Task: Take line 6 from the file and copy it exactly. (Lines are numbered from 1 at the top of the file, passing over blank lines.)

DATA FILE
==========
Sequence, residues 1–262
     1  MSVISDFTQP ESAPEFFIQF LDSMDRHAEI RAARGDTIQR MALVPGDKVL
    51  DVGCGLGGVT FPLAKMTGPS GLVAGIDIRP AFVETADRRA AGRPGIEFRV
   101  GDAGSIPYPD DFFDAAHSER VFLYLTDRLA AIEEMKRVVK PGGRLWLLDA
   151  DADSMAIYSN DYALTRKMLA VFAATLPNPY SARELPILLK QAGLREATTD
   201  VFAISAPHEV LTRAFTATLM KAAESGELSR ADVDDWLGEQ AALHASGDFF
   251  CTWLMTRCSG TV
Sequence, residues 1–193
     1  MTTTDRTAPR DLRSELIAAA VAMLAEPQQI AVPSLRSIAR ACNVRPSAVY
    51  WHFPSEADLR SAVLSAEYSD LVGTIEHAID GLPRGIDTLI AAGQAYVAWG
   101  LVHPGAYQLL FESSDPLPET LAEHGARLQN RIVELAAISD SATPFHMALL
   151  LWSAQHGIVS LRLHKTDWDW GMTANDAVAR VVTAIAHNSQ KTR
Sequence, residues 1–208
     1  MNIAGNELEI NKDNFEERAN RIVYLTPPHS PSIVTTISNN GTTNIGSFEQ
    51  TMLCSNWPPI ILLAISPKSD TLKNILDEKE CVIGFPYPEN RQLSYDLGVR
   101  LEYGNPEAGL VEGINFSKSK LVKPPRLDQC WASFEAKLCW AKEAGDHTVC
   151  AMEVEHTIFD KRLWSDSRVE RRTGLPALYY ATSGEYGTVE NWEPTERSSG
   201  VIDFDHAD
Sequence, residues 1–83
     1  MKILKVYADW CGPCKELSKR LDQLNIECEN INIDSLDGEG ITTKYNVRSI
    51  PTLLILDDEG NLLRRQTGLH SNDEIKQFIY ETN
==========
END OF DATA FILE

   201  VFAISAPHEV LTRAFTATLM KAAESGELSR ADVDDWLGEQ AALHASGDFF